The diehard artists who sketch models three nights a week couldn't cope without their life-drawing class. So one early April day — still nearly a month from this weekend's grand opening — they moved all the furniture from 25 Cimino Drive to Cottonwood Center for the Arts' new building at 427 E. Colorado Ave. And they resumed drawing.
Strolling through the space during an April 11, sneak-peek art opening of member Carol Ettenger's Thresholds, Crossroads and Dead Ends, it's clear the much-awaited move is far from finished. Handwritten signs on computer paper and Post-it notes line the halls. Three artists discuss tasks still undone, which include removing several remaining drop ceilings and mounting artists' names outside their studios.
But the building has already come a long way. Even in March, the studios had no walls. Kay Jeansonne, co-director and owner, laid boundaries with masking tape, and the artists, herself included, "actually signed leases based on the tape on the floor," she says.
That's the type of loyalty the almost-100-member collaborative has fostered since Sparky Lebold and Chuck Mardosz opened Cottonwood Art Academy on Conejos Street in 1997 to provide classic instruction to other local artists.
Jeansonne and co-director Peggy Vicaro bought the school in 2002. After moving to Cimino Drive in 2004, the renamed Cottonwood Artists' School expanded its class schedule and began leasing private studio spaces to more than 35 artists.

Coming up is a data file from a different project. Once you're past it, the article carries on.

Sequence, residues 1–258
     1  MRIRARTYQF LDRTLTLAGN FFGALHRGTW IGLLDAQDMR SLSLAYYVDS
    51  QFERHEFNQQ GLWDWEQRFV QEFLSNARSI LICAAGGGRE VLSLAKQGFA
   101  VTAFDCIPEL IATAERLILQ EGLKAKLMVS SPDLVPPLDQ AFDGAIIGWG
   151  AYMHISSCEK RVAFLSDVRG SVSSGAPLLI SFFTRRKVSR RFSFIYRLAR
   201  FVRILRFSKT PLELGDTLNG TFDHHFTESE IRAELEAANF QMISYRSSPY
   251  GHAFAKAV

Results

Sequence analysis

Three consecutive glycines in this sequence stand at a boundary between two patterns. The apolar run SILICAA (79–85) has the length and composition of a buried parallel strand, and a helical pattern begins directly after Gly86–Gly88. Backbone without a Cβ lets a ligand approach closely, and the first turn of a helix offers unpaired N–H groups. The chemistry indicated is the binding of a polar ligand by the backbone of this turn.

The pair started looking for a new location about three years ago, when urban renewal plans targeted their site. After jumping a number of financing hurdles, they signed the contract for the Colorado Avenue building in January 2008 and finally closed in December, with a $35,000 matching grant from the Downtown Development Authority and financing assistance from the building's owner.
Jeansonne says the "emotional roller-coaster" has yielded a home that "really meets our needs."
Aside from 78 studios, the new Cottonwood — which, yes, has another new name — provides plenty of power to support a medium the old building couldn't handle electrically: clay.
Stepping into the Clay People's studio gallery, one of the largest in the new space, feels like karmic rejuvenation. Banners and T-shirts hanging from the high ceiling bring positive messages and an uplifting aura to the studio.
The spiritual inspiration and the earthy color palette came from a T-shirt, says artist Maggie Quinn, who seems a guiding light to the 11-member group that just relocated from Manitou Springs. The shirt has the same cinnamon, curry and eggplant hues as the gallery walls and quotes Gandhi: "Be the change you wish to see."
The addition of kilns is one change among many. Still in progress: a community pottery studio, outdoor large metal sculpture and pottery yards, water media and printmaking classrooms, and a conference room where local businesspeople can hold meetings.
Jeansonne says her ultimate goal is for Cottonwood to become "a community center that happens to be focused on the arts."